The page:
Bank bosses - Jim Rohr at PNC, Mark Turner at WSFS, to name a couple of recent examples - tell me they want to lend more to small businesses, but they can't find good borrowers - since most solvent business operators are too scared of business conditions to want to take on more debt.

"I don't buy the theory there's not a lot of demand for small business loans. There's plenty of demand," responds Ami Kassar, the ex-Advanta Corp. manager who runs small-business loan advisor Multifunding Corp., up in Broad Axe, Montgomery County, which, he says, is on track to close "over 50 loans, with (total) balances over $30 million, in 23 states," up from 4 loans for $3 million the year before.
Multifunding and its staff of 5 screens and matches business clients with banks and other lenders, for loans under $1 million, and takes payment both from borrowers and from lenders. The shortage of banks willing to make such loans, at market interest rates around 4% to 8%, has driven many borrowers to "factoring, accounts receivable financing, hedge funds, and asset-based loans" typically charging 15% up to 40%, Kassar says. His firm tries to match potentially good credit risks with lower-rate lenders who might not find each other unassisted.
Why is this hard? "The banks want three things: cash flow, collateral, and credit. When they can find all three, they'll fight to do those loans. But there aren't too many small-business borrowers who meet all three criteria. Especially for collateral. Service businesses don't have collateral" since they typically don't own buildings, valuable machines or liquable inventory. So banks are "forced onto this high-interest-rate treatmill. There is plenty of money available - at the higher interest rates."  
What about the bankers who say there aren't good borrowers? "This demand spiel is how the bankers love to cover up their lackluster lending. I'd like to see their approval rates" for would-be business borrowers under $1 million.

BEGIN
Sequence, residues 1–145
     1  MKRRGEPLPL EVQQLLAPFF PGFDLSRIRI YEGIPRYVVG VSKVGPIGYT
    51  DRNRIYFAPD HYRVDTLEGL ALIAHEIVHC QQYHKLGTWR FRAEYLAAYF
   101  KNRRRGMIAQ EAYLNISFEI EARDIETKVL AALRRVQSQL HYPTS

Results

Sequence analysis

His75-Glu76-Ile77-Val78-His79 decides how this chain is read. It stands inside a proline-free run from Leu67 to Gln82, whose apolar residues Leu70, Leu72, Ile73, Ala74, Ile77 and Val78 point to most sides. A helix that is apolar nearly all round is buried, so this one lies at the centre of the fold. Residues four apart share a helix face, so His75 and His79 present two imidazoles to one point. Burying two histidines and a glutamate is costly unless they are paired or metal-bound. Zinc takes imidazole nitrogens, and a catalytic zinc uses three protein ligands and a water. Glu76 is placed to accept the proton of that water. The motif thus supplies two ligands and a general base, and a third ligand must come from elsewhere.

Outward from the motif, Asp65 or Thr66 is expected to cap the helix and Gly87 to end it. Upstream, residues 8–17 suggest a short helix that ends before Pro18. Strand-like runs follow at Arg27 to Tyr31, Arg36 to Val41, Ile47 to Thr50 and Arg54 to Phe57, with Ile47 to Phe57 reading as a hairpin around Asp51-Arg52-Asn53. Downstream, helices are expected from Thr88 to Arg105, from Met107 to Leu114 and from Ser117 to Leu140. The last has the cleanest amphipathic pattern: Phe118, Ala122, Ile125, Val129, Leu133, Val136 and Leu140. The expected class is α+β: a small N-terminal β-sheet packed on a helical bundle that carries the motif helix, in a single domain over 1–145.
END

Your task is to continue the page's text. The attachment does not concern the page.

Kassar crunched the numbers to test his theory. Checking US banks' quarterly call reports ("Reports of Condition and Income," view them at www.fdic.gov), he found that, among the banks that control 80% of US deposits, total deposits "have gone up from $5.7 trillion in 2007, to $7.5 trillion this year," but small-business loans by the same group of lenders (which has been consolidating every year) has fallen to $309 billion, from $400 billion four years ago.
Big banks neglect small loans for the same reason real estate salespeople would rather sell one $1 million Medford mansion than 10 $100,000 rowhomes: "it's easier to lend AT&T a killion dollars to buy T-Mobile than to make a million small-business loans," Kassar says.
"But that's what the economy needs to recover."
What, if anything, can the government do to make small-business lending more attractive? "The government just leans on the Small Business Administration," which provides taxpayer guarantees for about one-seventh of US small-business lending. "SBA plays an important role, but it's not the end-all," Kassar adds. "The government ought to encourage bank examiners to look at the ratio of small-business loans" to total bank business.
As an aid to that exercise, Kassar has set up an online search -- www.multifunding.com/banks -- that ranks, for example, PNC as "poor," because its reported small-business loans equal just 5% of its deposits, below the national average, while Philadelphia's tiny Valley Green Bank (which makes far fewer loans of any kind than PNC does) ranks "excellent," because it lends fully one-third the value of its deposits to small businesses.